Also a further prolongued drying, as described in the Patent application No. 21753A/80, does not improve the digestibility, but only improve the taste.
Moreover in the extruded soybean proteins, before and after the drying process, the stachiose and raffinose sugars are still present in high percentage (12 to 14%); these sugars, in fact, are not hydrolized by the two above mentioned heat-processes.
When, on the contrary, such granular soybean proteins are used as such and eaten alone in not small dosages for curative purposes (from 20 to 60 gr. daily) and for periods of a few weeks, the presence of the above sugars lead to flatulence, namely the rising of intestinal gas which is upleasantly ejected, producing considerable troubles to people eating the proteins granules as such. Therefore, the removal of the flatulence is important for a nurishment based on soy proteins to be eaten as such.
Clinical tests have pointed out that flatulence is so notable and so demoralizing, even eating in small quantities soybean proteins, that patients are induced to refuse such nurishment even after few weeks.
Summary of the Invention
The object of this invention is to provide a process permitting the elimination of flatulence of the extruded soybean proteins.
Particularly, the object of this invention is to provide a process for substantially reducing the two sugars, stachiose and raffinose, in the granular extruded soybean proteins, and for obtaining granular extruded soybean proteins easily digestible being light and well cooked.
According to the present invention, this and other objects are achieved by a process consisting of subjecting the extruded soybean protein granules to a puffing-process comprising: cooking the soybean granule proteins with stem under a pressure of between 1 and 7 atm. for a period between 3 and 40 minutes; rapidly increasing the pressure to the end of the cooking, at a value up to 20 atm., and therefore expanding the product by shot, with immediate reduction of pressure.
The cooking of the extruded soybean protein granules is made preferably at a pressure between 1,5 or 3 atm. and for a period from 8 to 15 minutes. The increase of the pressure to enable the "shot" of the product is preferably brought up to 9-15 atm.
The quite long period of the cooking under pressure and in highly moist conditions, (due to the moisture released during the heating), allows the sugars to hydrolize (to become diluted and to dispersed), so that, after the "shot" operation, such sugars are present only in trace amounts.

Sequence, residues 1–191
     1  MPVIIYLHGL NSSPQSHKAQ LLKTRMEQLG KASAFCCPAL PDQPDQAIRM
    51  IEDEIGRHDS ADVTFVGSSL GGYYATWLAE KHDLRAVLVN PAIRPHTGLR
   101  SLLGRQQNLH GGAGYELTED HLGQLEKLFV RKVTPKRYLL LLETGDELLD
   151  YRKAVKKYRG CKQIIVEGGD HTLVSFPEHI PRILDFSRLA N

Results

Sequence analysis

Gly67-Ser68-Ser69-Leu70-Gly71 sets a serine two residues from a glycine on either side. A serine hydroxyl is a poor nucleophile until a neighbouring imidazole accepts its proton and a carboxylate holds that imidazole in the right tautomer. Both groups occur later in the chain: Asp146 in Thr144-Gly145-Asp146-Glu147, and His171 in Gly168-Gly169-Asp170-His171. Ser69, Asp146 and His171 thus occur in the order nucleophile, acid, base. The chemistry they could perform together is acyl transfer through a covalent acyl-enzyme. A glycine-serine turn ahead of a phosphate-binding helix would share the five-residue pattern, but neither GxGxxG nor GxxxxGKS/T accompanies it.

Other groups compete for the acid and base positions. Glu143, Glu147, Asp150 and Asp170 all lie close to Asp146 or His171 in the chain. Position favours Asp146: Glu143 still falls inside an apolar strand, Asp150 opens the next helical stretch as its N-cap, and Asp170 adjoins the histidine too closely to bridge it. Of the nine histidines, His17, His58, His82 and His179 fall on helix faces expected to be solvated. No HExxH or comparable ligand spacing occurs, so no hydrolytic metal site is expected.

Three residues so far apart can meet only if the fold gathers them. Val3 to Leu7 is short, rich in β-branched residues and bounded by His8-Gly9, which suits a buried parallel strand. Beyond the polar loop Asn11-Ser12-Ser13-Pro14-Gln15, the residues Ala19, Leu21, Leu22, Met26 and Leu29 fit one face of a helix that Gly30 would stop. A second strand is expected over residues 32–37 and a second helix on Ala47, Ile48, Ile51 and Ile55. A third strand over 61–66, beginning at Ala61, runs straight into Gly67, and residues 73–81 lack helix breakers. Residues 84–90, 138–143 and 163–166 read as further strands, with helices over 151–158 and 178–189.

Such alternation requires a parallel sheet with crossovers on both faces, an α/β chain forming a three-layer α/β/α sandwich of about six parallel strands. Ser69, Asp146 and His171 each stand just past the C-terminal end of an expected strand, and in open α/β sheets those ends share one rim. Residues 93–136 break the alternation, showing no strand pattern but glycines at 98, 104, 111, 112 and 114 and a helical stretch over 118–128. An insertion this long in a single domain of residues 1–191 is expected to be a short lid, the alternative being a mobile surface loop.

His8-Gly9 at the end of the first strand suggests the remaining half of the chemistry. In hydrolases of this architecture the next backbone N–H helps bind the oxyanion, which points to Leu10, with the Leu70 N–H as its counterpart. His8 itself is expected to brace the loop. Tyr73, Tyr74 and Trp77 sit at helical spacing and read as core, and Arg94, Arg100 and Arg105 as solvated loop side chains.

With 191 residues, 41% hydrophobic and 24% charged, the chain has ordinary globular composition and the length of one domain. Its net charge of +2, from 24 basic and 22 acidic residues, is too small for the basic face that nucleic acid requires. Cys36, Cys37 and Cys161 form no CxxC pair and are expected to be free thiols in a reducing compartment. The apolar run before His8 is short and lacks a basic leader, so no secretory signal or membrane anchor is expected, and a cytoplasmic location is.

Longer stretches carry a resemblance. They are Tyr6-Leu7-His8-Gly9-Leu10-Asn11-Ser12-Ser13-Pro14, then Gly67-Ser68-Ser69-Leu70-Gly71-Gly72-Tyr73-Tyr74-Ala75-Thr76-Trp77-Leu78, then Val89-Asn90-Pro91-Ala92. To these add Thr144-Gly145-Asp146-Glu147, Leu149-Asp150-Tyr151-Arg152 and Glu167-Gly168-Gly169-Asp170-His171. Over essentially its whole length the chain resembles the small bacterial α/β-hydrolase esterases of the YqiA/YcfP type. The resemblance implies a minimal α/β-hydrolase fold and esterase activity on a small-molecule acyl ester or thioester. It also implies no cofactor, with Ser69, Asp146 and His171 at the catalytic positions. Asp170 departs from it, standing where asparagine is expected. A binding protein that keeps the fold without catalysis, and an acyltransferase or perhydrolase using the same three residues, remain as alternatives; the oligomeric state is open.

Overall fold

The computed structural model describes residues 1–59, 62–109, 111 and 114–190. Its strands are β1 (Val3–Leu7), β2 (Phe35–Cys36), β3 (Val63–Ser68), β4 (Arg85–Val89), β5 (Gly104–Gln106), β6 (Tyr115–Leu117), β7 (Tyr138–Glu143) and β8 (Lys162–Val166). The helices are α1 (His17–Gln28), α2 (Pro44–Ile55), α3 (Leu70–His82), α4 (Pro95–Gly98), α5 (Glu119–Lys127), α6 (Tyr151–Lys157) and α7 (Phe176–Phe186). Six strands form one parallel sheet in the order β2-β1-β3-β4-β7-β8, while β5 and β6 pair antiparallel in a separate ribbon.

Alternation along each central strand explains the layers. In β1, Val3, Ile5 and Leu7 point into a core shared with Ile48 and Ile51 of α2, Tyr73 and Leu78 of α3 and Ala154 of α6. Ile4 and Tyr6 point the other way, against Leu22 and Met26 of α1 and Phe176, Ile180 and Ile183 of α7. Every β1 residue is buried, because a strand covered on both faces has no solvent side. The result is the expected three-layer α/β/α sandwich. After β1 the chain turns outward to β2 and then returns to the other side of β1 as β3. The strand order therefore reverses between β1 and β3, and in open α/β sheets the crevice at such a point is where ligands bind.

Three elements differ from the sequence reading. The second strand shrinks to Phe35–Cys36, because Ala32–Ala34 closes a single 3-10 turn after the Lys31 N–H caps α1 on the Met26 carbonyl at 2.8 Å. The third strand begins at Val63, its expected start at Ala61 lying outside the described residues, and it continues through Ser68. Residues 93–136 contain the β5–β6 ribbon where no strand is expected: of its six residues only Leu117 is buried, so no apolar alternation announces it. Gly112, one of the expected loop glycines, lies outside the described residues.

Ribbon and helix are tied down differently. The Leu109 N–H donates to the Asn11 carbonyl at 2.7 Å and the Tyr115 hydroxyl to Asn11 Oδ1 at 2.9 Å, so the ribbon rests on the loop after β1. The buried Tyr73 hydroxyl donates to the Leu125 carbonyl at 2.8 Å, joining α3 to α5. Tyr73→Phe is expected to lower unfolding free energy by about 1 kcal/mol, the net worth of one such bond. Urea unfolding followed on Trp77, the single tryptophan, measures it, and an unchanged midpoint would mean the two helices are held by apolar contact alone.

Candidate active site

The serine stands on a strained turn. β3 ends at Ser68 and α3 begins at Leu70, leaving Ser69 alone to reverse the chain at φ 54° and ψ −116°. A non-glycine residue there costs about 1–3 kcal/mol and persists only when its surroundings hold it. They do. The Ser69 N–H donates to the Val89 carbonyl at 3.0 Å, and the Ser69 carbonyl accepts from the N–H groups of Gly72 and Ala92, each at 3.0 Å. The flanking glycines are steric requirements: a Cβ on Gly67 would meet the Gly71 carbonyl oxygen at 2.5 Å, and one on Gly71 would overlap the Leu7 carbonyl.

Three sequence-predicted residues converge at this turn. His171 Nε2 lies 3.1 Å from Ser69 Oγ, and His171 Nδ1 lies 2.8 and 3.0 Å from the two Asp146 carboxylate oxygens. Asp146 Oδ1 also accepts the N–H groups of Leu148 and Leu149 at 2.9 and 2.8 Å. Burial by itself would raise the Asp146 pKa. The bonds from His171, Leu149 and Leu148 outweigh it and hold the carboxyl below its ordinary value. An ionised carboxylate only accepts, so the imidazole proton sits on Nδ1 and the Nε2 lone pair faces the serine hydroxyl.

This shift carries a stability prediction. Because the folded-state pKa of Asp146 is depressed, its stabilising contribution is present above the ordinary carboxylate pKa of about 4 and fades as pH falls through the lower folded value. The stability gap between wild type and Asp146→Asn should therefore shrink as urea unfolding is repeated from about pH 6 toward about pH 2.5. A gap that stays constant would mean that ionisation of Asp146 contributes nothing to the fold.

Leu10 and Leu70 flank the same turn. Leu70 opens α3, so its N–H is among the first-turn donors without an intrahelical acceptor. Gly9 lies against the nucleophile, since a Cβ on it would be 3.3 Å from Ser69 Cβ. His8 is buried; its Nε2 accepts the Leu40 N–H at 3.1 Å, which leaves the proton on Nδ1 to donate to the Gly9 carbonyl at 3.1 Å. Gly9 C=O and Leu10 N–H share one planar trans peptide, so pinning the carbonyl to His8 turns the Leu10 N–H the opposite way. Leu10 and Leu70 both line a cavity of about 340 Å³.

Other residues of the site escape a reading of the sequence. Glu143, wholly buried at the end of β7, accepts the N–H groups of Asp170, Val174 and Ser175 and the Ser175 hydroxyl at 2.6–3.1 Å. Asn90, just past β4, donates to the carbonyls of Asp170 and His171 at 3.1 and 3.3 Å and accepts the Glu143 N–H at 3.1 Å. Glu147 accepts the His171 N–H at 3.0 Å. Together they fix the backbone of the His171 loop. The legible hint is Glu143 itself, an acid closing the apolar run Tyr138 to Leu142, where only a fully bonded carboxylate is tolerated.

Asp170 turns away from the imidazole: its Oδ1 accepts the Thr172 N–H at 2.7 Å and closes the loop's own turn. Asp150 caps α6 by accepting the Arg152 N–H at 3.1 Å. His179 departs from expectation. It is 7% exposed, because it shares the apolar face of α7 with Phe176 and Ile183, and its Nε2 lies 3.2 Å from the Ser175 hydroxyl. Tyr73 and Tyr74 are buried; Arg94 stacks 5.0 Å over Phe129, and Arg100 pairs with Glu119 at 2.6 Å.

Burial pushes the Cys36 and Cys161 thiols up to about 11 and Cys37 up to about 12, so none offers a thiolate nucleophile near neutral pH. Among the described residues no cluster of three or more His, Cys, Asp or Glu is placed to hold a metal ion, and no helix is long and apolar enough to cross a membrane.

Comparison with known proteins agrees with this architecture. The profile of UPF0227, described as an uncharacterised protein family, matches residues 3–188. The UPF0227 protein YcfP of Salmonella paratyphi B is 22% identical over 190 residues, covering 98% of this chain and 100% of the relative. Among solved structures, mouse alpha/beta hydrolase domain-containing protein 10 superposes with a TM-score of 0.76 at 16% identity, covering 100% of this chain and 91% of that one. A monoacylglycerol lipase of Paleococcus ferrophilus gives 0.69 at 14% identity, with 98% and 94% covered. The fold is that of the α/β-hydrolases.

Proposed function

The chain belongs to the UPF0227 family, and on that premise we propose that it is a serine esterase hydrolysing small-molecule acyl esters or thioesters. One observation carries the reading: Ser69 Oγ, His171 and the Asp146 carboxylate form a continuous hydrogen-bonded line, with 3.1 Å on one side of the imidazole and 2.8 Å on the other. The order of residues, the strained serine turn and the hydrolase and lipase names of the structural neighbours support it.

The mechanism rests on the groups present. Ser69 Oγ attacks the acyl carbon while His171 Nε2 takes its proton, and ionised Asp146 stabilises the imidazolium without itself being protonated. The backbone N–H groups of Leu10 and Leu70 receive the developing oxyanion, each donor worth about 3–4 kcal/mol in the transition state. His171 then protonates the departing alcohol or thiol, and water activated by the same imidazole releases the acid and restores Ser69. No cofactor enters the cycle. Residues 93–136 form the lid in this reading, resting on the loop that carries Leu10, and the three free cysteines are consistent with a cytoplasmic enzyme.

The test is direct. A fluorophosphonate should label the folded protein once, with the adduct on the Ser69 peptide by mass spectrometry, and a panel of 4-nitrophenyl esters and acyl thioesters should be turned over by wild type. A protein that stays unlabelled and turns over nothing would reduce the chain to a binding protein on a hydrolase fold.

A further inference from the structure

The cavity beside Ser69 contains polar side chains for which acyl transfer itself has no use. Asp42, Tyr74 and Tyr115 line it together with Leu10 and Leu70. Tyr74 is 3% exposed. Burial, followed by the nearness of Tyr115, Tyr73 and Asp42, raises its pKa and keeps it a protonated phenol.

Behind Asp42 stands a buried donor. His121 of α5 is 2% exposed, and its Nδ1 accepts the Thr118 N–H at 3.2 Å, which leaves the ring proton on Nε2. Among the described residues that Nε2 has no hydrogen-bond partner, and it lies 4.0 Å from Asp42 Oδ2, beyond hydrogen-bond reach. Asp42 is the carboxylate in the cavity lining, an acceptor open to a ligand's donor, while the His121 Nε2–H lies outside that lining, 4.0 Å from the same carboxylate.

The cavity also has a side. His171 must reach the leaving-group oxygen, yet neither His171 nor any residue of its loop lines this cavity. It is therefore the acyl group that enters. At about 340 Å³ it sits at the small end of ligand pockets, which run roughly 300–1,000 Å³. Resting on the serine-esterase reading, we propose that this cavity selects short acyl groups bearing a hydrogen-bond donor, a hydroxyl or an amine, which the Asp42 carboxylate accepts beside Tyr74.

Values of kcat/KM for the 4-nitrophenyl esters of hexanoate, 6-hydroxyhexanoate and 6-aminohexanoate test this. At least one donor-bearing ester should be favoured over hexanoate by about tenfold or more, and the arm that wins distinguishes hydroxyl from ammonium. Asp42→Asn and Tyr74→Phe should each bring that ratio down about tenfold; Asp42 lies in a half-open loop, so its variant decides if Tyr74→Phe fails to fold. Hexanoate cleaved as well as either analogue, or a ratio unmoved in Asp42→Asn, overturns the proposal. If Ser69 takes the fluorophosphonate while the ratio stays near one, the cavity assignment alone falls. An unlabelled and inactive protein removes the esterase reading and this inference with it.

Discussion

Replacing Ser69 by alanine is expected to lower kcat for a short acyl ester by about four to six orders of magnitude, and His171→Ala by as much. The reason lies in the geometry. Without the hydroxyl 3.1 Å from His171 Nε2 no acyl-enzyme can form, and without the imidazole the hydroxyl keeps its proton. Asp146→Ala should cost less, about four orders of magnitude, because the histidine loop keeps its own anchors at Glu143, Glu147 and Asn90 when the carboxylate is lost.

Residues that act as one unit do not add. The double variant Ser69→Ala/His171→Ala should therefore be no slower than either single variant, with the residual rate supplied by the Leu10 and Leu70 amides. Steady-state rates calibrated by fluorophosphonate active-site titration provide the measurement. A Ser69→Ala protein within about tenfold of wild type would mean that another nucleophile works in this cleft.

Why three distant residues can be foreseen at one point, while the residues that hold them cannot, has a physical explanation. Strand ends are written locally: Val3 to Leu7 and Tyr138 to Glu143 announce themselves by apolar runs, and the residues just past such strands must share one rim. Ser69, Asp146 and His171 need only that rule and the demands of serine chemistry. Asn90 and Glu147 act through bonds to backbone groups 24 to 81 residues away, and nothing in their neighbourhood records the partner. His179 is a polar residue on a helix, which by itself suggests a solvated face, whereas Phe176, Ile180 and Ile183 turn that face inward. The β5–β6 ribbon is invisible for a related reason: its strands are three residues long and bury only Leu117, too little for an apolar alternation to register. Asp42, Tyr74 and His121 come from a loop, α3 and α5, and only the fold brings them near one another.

Soybean proteins are obtained in light and crispy friable flakes which melt in the mouth, and are easily digestible as being well cooked. These soybean proteins are suitable as such for the consumer even for curative purposes; soybean proteins are proved to be suitable as such in particular daily dosages to reduce hypercholesterolaemia.
They keep unaltered the nutritional characteristics of the basic product and surprisingly, even if eaten, in high dosages, they do not lead to flatulence.
The raw material subjected to the puffing system, according to the process of the present invention, is the defatted soybean flour (obtained from soy seeds treated for separating oil), textured and extruded in granular form.
Such raw material shows the following composition percentage:
Proteins (dry solids N=5,25%): about 52%
Moisture: 10-15% about
Fats: 1,5% about
Fibers: 3,5% about
Ashes: 6,5 about
Carbohydrates: 26% about
Calories: 280 about
Of course, proteins with higher proteic content up to about 90% on dry solids can be used, provided in granular form. Such product as already indicated, are derived from the proteic fraction of the soybean seeds which are wetted and processed at high pressure and for a few instants, at high temperature in order to be extruded.
The defatted textured and extruded soybean granules (proteins) used as raw material in the puffing process of the present invention, are generally irregular in size: about 5% bigger than 5,00 mm.; about 85% between 1,2 and 5 mm; about 7% lower than 0,5 mm.
Bigger or lower sizes can be used of course, even if granules having the size of hazelnuts granules, used to decorate cakes, are preferred. The puffing process, subject matter of the present invention, allows to obtain soybean protein flakes having a specific gravity comprised between 90 and 350 g./lliter, (the specific gravity of the extruded soybean proteins is of 350-400 g./liter).
In order to make the extruded granular proteins well cooked and lightened by "shot", according to the process of this invention, more dainty, that is crispier such proteins are subsequently subjected to a drying process.
Such drying process does not modify their characteristics and their taste, as the puffing process has already made them agreable to the consumption as such, but only to have them crispier, namely more agreable and of long shelf-life.
And drying process and technic can be used, as the purpose is only to dehydrate the extruded and puffed soybean proteins flakes. Drying temperatures varying from 30° C. to 90° and drying times varying from 1 to 10 hours may be used.